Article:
Are people more successful with memorable names

People with short names make more money

Bill, Rob, Dale: Research shows that high earning men have very short first names. But an Alexander does well on dating portals. Even the first letter of the last name can have an effect.

Tom, Rob, Dale, Doug, Wayne. Whoever is called like that has the most chance of becoming very rich. This is what the US career site TheLadders claims. She has analyzed her database with six million members and calculated: Every letter saved in the first name pays off. One more letter “costs” an average of 3600 dollars, the equivalent of 2736 euros in annual income.

For women, who generally have longer names, the result was not so clear - the top earners were Lynn, Melissa, Cathy, Dana and Christine - but the trend is also evident here. Micheles earn more than Michelles, Philips more than Phillips, Saras more than Sarah's. The online portal recommends people with long first names to abbreviate themselves. Bill, Steve or Chris make a lot more than Stephen, William or Christopher.

Short name, big career? This has also been announced by the Endmark naming agency after examining 750 men's and women's first names for their “career suitability”. And the social network Linkedin concluded in 2011 from an analysis of its 100 million member data that the CEOs of large companies most frequently have first names with four letters. The name analysts cannot explain the phenomenon. Short names are more memorable, abbreviations seem more human, she speculates, for example.


Names that promise efficiency

Many factors could play a role here, for example that white Americans generally earn more than Muslims who are called Mohammed. If you look at the most popular US first names on the Internet for those male cohorts who are between 40 and 60 today, not only monosyllabic, but nevertheless monosyllabic names dominate.

But short first names also signal characteristics that are desirable on the job market: determination, economy, efficiency. "Lea" -wise slim and purged first names should be like their bearers today, without aesthetic and other "unnecessary" bells and whistles. This has also been reflected in the first name hit lists across Europe for years, whether in Germany or Austria, Holland or Switzerland, France or Great Britain.

Perhaps people with short names are more successful because the parents who choose them have certain priorities and traits that are favorable to the children's success? Or do you have a better chance of viewing applications for the first time? Students know that the first name arouses prejudice, but the length is not the decisive factor here. The same work was rated better by teachers when it said Maximilian and not Kevin.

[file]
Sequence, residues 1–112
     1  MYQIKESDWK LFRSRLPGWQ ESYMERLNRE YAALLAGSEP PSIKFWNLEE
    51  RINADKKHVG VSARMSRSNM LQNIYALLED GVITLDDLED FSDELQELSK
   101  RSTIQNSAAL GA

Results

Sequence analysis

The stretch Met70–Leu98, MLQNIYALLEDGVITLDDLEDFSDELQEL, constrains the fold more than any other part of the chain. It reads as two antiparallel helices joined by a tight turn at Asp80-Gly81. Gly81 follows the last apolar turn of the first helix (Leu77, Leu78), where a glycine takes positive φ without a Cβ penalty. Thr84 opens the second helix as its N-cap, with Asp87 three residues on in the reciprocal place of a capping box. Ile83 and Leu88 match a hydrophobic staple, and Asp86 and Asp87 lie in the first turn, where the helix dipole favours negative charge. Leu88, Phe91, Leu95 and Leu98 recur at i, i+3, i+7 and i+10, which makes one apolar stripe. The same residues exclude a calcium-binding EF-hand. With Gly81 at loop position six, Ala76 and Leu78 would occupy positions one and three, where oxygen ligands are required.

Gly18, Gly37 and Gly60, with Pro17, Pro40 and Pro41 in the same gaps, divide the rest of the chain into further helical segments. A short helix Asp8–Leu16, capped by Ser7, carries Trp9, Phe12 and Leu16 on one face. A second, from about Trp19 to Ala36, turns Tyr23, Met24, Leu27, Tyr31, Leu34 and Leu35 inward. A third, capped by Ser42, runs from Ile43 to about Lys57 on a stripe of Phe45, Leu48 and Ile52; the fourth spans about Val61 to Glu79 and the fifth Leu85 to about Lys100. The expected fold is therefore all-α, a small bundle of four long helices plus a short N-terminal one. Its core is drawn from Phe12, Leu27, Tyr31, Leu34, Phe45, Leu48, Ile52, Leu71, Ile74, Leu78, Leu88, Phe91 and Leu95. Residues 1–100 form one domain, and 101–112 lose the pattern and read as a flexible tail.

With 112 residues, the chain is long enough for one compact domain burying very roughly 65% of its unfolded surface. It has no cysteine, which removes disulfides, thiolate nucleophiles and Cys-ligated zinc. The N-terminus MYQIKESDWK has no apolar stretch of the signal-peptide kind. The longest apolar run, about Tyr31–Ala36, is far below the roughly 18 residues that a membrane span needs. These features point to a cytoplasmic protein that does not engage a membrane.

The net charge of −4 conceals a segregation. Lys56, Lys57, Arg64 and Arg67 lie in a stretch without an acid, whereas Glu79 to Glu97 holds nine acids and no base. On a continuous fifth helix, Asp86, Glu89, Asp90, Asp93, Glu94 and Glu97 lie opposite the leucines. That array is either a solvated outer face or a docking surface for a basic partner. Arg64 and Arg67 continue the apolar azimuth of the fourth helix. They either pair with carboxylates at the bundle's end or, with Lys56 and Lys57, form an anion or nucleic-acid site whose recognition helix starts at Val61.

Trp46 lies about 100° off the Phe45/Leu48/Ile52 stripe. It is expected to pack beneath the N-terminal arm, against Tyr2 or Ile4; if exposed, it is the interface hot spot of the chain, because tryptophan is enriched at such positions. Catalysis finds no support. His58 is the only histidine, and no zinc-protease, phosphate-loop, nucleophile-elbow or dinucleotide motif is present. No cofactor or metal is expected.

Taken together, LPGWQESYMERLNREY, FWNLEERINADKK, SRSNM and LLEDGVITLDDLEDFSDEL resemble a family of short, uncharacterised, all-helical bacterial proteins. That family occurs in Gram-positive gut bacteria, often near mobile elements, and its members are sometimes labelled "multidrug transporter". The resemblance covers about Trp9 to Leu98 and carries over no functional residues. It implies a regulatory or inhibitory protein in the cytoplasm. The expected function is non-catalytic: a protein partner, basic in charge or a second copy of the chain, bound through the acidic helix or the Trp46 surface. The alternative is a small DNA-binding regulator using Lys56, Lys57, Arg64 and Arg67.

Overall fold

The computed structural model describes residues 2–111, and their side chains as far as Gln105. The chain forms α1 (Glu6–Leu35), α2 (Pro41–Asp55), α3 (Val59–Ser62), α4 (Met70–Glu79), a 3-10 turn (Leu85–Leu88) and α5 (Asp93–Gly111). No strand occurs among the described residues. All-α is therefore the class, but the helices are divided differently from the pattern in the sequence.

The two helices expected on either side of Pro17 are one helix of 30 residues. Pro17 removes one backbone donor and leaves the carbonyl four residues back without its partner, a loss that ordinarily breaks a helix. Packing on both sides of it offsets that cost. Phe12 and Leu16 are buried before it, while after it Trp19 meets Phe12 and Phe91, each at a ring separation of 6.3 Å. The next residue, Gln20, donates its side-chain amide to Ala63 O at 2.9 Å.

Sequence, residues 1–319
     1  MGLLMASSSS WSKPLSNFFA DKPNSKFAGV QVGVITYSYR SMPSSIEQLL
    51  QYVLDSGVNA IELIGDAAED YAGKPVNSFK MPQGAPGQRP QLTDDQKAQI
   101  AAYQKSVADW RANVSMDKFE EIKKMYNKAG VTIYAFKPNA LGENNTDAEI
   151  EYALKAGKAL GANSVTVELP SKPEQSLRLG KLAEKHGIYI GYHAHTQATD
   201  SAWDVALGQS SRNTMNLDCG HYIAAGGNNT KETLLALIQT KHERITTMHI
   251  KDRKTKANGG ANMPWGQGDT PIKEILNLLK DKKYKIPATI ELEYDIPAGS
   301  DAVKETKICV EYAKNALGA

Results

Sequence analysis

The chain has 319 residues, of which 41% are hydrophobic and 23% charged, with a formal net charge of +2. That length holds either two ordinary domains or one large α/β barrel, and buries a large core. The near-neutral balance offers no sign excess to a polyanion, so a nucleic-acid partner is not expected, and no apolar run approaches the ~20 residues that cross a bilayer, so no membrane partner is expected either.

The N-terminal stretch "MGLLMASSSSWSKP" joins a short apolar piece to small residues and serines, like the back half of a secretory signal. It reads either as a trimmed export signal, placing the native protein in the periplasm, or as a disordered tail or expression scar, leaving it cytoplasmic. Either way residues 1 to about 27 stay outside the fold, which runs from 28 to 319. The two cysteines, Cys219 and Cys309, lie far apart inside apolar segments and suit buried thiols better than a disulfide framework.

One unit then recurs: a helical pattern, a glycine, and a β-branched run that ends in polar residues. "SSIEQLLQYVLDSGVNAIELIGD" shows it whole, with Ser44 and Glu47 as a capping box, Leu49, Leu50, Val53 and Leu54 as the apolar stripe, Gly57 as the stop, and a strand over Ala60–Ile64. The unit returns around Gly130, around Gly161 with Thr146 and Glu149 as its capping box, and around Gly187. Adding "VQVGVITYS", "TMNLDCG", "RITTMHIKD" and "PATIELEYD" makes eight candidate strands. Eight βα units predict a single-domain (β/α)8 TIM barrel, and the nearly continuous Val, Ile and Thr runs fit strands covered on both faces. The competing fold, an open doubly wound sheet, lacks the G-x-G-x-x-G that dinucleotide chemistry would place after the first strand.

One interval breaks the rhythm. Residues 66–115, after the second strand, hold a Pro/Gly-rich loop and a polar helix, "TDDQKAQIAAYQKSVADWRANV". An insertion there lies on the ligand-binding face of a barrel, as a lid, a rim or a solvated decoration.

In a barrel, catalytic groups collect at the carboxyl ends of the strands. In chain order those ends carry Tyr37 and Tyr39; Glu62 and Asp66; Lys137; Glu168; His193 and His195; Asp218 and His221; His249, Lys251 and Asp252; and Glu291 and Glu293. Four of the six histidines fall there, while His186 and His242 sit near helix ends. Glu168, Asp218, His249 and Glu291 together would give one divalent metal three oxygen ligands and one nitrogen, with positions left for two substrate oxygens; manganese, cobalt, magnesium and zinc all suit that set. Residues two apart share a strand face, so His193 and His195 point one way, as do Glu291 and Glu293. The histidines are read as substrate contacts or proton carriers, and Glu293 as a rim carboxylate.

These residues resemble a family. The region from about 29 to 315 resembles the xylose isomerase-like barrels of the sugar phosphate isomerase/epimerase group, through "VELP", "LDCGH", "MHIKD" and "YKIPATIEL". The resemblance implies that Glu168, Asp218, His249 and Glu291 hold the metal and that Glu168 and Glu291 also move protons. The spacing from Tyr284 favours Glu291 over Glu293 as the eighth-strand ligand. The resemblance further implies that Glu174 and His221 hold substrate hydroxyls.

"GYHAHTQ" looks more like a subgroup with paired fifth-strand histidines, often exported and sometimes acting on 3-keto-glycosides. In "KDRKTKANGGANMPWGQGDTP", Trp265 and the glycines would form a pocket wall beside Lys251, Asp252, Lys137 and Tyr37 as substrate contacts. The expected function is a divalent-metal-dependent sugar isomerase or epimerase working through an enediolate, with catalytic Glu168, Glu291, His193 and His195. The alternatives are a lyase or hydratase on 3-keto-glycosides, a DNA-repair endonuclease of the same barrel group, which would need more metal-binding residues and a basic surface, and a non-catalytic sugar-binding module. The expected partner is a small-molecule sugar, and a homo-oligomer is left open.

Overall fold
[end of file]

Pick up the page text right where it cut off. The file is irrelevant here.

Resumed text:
A Maximilian is particularly good at it when the surname also begins with A or B. Because the habit of being at the beginning of the alphabet and being called up early can obviously have an effect; the further back the first letter of the surname, the lower the proportion in top academic jobs or Nobel Prize winners, the worse the self-assessment, especially among older people.

On dating portals, participants with “bad” first names are often left behind before even looking at their profile. In contrast, classic names like Alexander score. Nomen est omen, the idea that a name reveals something about its bearer works subconsciously in us. Chemnitz social psychologists have shown that the inner images that arise with a given name often begin with an assessment of age. A man by the name of Uwe is considered to be old and therefore also rather unattractive, even less intelligent.


Does Dennis like to become a “dentist”?

On the other hand, our own name also influences us. The American psychologist Brett Palham even claims based on statistics that its sound alone can influence us when choosing our job or where we live. An above-average number of Lauras by profession “lawyers”, especially Dennis “Dentists”, a conspicuous number of Georgias would move to Georgia, and a noticeable number of Louis to Louisiana. In one experiment, people were shown pictures that each showed a name next to a number, each picture only a hundredth of a second long, then athletes were shown with number bibs. The test subjects particularly liked those athletes whose number had previously been next to their name.

We no longer believe like the Teutons or Indians that we become strong as a wolf when we are called a wolf. We hardly ever name our children after saints and hope that this will give us special protection. And probably only a small minority use the number symbolism to calculate what a name reveals about the character and fate of its wearer. But parents-to-be still rack their brains over the name of their child, as if the decisive factor depended on him, as if he - you never know - had a certain power after all. Maybe there is a grain of truth in it.


The boy named Sue

However, no matter what studies say today, ultimately one does not know exactly how the power will work. Countries like Norway or Sweden forbid particularly "negative" names, which could harm the bearer because they cause ridicule. In Johnny Cash's song “A Boy named Sue” just such a name becomes a blessing for a boy: he learned from an early age to get by because he was teased about his maiden name. Only at the end does he realize that his father, who left the family early, called him that for that very reason: “But ya ought to thank me, before I die, / For the gravel in ya guts and the spit in ya eye / Cause I'm the son-of-a-bitch that named you, Sue '. "

("Die Presse", print edition, May 13, 2013)